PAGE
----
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Reviews > Clothing > Hats > Columbia Schooner Bank Cachalot hat > Owner Review by Ray Estrella

Columbia Schooner Bank Cachalot Hat
By Raymond Estrella
OWNER REVIEW
May 11, 2008

TESTER INFORMATION

NAME: Raymond Estrella
EMAIL: rayestrellaAThotmailDOTcom
AGE: 47
LOCATION: Orange County, California, USA
GENDER: M
HEIGHT: 6' 3" (1.91 m)
WEIGHT: 200 lb (90.70 kg)

I have been backpacking for over 30 years, all over California, and in many of the western states and Minnesota. I hike year-round, and average 500+ miles (800+ km) per year. I have made a move to lightweight gear, and smaller volume packs. I start early and hike hard so as to enjoy the afternoons exploring. I usually take a freestanding tent and enjoy hot meals at night. If not hiking solo I am usually with my wife Jenn or brother-in-law Dave.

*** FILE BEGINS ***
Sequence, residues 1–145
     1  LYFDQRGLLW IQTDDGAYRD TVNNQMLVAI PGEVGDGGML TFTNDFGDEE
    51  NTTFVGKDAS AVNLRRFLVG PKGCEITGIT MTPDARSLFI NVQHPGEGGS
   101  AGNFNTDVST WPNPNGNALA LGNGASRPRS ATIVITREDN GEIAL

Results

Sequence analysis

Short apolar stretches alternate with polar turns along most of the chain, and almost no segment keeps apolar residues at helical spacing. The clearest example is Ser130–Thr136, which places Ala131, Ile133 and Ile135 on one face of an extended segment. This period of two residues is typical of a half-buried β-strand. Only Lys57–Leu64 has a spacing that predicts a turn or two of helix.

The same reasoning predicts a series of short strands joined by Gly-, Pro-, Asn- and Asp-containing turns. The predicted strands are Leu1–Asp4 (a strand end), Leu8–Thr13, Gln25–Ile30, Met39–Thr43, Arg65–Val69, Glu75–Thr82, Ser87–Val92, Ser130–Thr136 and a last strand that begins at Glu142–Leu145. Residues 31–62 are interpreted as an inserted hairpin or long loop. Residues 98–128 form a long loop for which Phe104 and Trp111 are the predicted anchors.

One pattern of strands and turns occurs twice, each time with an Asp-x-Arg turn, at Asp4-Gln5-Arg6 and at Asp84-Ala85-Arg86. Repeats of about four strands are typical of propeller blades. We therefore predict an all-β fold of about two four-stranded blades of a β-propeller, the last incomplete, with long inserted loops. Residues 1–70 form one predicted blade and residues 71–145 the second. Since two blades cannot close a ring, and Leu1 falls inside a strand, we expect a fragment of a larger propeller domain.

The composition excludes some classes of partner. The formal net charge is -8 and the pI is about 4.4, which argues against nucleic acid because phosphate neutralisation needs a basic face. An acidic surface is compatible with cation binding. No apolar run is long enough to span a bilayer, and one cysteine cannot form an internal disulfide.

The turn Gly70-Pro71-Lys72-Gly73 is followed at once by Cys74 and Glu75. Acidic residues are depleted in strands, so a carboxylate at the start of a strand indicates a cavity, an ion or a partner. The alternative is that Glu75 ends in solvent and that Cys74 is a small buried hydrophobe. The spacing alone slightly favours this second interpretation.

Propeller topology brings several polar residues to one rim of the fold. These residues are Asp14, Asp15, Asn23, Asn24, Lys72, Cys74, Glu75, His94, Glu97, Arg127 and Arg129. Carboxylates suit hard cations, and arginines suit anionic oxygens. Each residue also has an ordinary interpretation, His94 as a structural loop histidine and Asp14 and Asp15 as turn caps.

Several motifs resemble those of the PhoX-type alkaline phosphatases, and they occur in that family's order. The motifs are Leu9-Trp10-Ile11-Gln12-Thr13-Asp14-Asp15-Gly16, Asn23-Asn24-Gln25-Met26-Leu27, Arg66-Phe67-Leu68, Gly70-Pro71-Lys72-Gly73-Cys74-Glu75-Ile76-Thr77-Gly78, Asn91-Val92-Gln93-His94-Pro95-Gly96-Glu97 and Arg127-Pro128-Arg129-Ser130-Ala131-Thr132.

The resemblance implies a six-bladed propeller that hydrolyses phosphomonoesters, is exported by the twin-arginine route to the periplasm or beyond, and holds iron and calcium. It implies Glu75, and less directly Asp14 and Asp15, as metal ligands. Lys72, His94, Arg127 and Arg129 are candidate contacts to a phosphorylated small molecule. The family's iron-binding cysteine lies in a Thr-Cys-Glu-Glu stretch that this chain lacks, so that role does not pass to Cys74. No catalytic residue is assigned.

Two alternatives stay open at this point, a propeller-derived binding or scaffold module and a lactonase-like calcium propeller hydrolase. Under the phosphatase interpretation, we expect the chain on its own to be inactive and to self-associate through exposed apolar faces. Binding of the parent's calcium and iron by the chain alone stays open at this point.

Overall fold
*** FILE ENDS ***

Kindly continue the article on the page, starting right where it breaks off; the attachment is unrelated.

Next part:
The Product

Schooner
Image courtesy of Columbia


Manufacturer: Columbia Sportswear Company
Web site: www.columbia.com
Product: Schooner Bank Cachalot hat
Made in Vietnam
Year manufactured: 2005
MSRP: N/A
Weight listed: N/A
Verified weight: 2.7 oz (77 g)
Size: Large, One size fits all
Color reviewed: Fossil
Other colors available: Suede and Sage

R & D on the JMT

Product Description

The Columbia Schooner Bank Cachalot hat (hereafter called the Schooner or hat) is a light weight sun hat. It is a six panel hat, meaning that the dome is made up of six even triangular panels sewn together in a circle. Each panel has a grommet in the center to add some ventilation to the hat. A panel on one side sports an embroidered Columbia logo while one on the opposite side has a sewn on patch with the company name. The Schooner is made of 100% nylon Perfecta Plus cloth which feels very much like cotton, but has the properties of nylon (more later) and boasts an Ultraviolet Protection Factor (UPF) of 30.

A stiff 3.7 in (9.4 cm) brim extends from the dome to provide shade and protection for the eyes. The underside of the brim is covered in black fabric to alleviate reflected glare as can be seen in the photo below. (My favorite hat models Ray and Emma wanted to help again.)

Raymond